On her way out of the park, after hitting a speed bump, Kathie saw the fuel reading change to showing she now had over 100 kilometers to empty, which gave her a sense of relief that she was not going to run out of gas on the way. The gauge must have been stuck because of the truck sitting on the “slight slope” for so long and the speed bump jarred the gauge back to reading correctly.

Nonetheless, Kathie proceeded to the general store, waited in a lengthy line, got filled up with gas and (thankfully) returned to retrieve me (although I think it was more to retrieve the trailer!). We got everything connected and we were off… with one last stop at the (dreaded) dumping station, then we were off. But who knows how long that could take?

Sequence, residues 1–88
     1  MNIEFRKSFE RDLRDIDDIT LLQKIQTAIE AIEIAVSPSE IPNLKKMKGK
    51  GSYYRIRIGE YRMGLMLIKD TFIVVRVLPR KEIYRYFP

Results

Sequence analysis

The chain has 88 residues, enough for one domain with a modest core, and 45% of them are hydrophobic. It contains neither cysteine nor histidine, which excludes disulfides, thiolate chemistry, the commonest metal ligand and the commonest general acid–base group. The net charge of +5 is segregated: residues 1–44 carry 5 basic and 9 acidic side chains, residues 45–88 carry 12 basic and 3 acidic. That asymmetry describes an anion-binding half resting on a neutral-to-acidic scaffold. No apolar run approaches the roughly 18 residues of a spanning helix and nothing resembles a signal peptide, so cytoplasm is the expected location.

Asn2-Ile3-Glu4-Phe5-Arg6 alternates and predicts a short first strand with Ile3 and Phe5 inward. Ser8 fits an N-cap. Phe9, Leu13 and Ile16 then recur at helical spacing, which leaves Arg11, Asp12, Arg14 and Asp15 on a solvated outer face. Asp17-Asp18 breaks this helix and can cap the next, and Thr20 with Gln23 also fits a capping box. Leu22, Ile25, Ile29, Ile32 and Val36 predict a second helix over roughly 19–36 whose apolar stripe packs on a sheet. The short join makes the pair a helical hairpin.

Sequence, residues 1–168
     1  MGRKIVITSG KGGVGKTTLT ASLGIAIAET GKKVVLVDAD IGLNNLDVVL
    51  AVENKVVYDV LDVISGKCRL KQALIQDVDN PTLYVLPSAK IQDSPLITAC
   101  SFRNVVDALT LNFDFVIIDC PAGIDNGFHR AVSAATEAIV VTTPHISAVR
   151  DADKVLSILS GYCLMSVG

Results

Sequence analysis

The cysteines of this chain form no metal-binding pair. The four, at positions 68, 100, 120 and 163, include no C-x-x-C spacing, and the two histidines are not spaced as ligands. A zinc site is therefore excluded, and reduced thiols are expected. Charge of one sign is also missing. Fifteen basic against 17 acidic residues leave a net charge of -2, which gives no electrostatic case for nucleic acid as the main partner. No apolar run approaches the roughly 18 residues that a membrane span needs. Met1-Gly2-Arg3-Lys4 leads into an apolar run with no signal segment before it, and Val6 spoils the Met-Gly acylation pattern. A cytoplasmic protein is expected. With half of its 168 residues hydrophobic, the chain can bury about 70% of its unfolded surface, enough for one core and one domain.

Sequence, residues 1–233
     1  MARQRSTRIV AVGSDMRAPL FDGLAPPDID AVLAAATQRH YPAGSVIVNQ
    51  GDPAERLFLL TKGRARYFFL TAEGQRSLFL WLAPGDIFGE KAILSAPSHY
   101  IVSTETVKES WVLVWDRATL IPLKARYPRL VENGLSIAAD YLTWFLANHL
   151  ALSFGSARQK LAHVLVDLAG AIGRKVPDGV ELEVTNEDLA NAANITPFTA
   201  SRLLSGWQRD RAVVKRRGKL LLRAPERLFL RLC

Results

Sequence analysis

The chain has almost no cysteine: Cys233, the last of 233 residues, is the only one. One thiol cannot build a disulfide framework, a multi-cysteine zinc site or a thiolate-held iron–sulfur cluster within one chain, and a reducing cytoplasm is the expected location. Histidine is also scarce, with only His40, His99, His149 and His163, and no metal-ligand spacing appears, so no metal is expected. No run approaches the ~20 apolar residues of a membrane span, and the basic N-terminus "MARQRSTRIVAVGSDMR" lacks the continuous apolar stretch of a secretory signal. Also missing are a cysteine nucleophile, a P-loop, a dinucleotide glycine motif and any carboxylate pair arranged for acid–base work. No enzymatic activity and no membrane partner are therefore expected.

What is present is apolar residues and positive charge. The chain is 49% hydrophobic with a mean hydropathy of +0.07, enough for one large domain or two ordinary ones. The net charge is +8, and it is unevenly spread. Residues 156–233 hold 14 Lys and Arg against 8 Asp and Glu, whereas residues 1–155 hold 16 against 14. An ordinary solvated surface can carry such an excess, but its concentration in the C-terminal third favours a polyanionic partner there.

Our previous camping trip had been to Presqu’ile Provincial Park where, upon leaving our site at the end of our stay, we proceeded to sit in an hour-long line-up for the lone trailer sanitation station the park had to offer. As the check-in and check-out times are one in the same, you had multi-directional line-ups heading into the sanitation station. Some folks just wanting to fill up with water and begin their stay, others just eager to dump their holding tanks and be on their way. Either way, a lengthy line-up is something neither wants to face.

I do have to give a shout out to whomever designed the sanitation stations at Killbear! I was particularly impressed with the extremely generous turning areas, the dual lane, four trailer filling and dumping stations and the completely separate area with a filling station… what a concept. Holy crap (pun very much intended), do I sound like a true RVer or what!?

Kathie, Bear and I had a wonderfully, relaxing stay and will definitely be coming back to Killbear in the very near future.

Until next time… Enjoy the Ride!